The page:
$300 Million Driving Discoveries, Changing Lives Campaign to Speed Research Advances from Bench to Bedside
Weills' Donations to Weill Cornell and Cornell University Top $600 Million
New York, NY (September 10, 2013) — Weill Cornell Medical College announced today that it has received a $100 million gift from longtime benefactors Joan and Sanford I. Weill and the Weill Family Foundation to launch the Medical College's $300 million Driving Discoveries, Changing Lives campaign dedicated to using the most advanced scientific approaches to rapidly translate research breakthroughs into innovative treatments and therapies for patients.
"We are profoundly appreciative of the generosity of Joan and Sandy Weill, and of all our loyal donors who are committed to advancing medical discoveries and, above all, making a difference in our patients' lives," says Dr. Laurie H. Glimcher, the Stephen and Suzanne Weiss Dean of Weill Cornell Medical College. "It is incumbent upon us to find therapies and cures for the world's most intractable diseases, and the Weills' phenomenal leadership and unwavering support will ensure that we enhance the health of our patients for future generations."
"Advancing Weill Cornell's mission would not be possible without the extraordinary leadership and support of Joan and Sandy Weill," says David J. Skorton, president of Cornell University. "It's critical to recognize the need to support student scholarship as a way for us to attract the next generation of physicians and scientists who will truly drive discovery and change lives."
The Driving Discoveries, Changing Lives campaign will bring to fruition Weill Cornell's vision for the Belfer Research Building — opening in January — as a hub for multidisciplinary biomedical research and recruit the world's best and brightest scientists to advance research and treatment of some of the most formidable health challenges, including diabetes, cancer, cardiovascular and Alzheimer's diseases. Funds raised by the campaign also will support the education of Weill Cornell's students, who as the next generation of physicians and scientists will pioneer medicine's newest frontiers.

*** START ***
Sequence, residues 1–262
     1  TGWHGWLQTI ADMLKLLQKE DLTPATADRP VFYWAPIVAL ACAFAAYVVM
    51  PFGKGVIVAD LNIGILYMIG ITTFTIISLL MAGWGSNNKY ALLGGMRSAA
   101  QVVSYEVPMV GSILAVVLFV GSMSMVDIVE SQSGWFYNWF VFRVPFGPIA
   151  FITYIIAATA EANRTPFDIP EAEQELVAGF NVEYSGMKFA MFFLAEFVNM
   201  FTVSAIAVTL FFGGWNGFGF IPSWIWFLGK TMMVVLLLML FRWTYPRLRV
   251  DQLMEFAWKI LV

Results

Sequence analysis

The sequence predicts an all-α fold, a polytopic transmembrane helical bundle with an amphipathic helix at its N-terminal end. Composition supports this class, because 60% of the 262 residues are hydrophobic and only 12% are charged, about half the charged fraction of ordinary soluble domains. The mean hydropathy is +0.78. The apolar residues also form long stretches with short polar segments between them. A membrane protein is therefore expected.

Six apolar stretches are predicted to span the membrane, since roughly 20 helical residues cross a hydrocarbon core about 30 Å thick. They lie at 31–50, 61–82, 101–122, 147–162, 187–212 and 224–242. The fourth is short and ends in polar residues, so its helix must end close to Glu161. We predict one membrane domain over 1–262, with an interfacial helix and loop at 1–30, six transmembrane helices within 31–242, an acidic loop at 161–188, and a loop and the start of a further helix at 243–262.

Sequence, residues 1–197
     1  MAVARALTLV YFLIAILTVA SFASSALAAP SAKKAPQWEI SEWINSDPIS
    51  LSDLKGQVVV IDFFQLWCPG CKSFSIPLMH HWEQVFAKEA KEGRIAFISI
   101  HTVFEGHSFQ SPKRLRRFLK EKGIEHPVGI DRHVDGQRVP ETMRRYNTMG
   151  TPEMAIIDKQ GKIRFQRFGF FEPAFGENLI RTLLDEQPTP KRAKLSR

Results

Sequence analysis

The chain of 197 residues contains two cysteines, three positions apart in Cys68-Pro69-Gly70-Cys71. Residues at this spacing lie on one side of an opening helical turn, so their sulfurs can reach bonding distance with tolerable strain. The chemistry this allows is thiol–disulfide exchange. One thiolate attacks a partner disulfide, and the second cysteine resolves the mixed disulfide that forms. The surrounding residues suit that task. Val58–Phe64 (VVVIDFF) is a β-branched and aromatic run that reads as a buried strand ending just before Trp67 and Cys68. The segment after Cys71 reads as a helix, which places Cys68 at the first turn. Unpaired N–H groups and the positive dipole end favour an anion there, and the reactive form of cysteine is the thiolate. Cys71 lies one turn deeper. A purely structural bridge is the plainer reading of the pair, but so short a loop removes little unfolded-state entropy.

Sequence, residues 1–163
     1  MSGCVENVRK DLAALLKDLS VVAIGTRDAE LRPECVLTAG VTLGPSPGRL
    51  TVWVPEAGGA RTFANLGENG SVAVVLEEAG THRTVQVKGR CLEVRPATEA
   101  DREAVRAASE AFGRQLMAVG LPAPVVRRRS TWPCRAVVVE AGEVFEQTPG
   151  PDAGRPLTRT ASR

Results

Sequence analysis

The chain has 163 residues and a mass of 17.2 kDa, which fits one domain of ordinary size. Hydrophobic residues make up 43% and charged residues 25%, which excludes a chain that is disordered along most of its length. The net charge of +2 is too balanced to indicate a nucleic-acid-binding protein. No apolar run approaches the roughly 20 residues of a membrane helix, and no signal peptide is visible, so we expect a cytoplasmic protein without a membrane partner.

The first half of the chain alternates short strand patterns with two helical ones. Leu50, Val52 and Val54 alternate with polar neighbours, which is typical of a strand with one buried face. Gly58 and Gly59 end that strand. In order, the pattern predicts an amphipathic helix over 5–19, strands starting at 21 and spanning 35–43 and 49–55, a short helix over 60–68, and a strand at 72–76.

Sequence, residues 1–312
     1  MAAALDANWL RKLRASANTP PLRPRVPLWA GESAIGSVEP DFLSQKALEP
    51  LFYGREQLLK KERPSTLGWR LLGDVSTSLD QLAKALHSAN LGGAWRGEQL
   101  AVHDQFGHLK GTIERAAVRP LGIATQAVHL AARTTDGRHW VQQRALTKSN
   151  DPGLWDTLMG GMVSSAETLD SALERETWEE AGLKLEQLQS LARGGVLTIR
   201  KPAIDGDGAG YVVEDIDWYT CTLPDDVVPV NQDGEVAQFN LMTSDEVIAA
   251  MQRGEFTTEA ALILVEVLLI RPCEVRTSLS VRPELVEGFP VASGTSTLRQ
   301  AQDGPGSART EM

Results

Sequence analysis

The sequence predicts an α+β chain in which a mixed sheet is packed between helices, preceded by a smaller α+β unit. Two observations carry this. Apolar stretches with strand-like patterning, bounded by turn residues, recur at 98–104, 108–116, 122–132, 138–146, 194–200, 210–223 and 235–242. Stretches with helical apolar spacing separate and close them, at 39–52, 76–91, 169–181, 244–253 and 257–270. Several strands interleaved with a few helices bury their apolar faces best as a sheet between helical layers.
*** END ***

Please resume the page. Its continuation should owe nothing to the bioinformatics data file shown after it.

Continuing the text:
The Weills' transformative $100 million gift is devoted to a new center that will investigate diabetes, obesity and metabolic disorders: the Joan and Sanford I. Weill Center for Metabolic Health. Weill Cornell has received more than $50 million in additional gifts for the Driving Discoveries, Changing Lives campaign, bringing it halfway to its total campaign goal.
"Joan and I have had the honor and privilege to contribute to Weill Cornell Medical College, helping to sustain this extraordinary institution as one of the world's leaders in biomedical research," says Mr. Weill, chairman of the Weill Cornell Board of Overseers. "We are immensely proud of what Weill Cornell has achieved — and what more we can accomplish in the years to come."
Driving Discoveries, Changing Lives
The Joan and Sanford I. Weill Center for Metabolic Health will employ cross-disciplinary expertise and cutting-edge technology against diabetes, obesity and metabolic syndrome. Weill Cornell scientists are using stem cells, cellular and molecular biology, genetics, proteomics, biorepositories and nutritional research to understand the molecular underpinnings of these diseases and then translate these discoveries into new therapeutic approaches. All the while, they are encouraging behavioral changes to enhance health.
The campaign will support the medical college's unique research and clinical activities around the most pressing public health scourges of the 21st century — chronic diseases that have eclipsed infections as the leading causes of illness and death. Campaign disease and research priority areas include:
- Cardiovascular disease
- Diabetes, obesity and metabolic syndrome
- Neurological disorders
- Children's health and internal medicine
- Precision medicine
- Regenerative medicine
The Weills' generous philanthropy and enduring dedication to advancing medical discoveries have left an indelible mark on Weill Cornell and the patients it serves, beginning with their groundbreaking $100 million gift that in 1998 renamed the institution Weill Cornell Medical College. Just four years later, the Weills gave another $100 million gift to support the Advancing the Clinical Mission capital campaign, launched to transform the patient experience and enhance medical education. And in 2007, to further the Discoveries that Make a Difference campaign and position Weill Cornell at the vanguard of biomedical research, the Weills pledged an unprecedented $250 million. That gift is believed to be the single largest ever given to a medical school and was notably fulfilled with a cash payment in 2009 — a time of global economic instability. With today's gift, the Weills have given more than $600 million to Weill Cornell Medical College and Cornell University. The Weills' total philanthropy is now approaching $1 billion.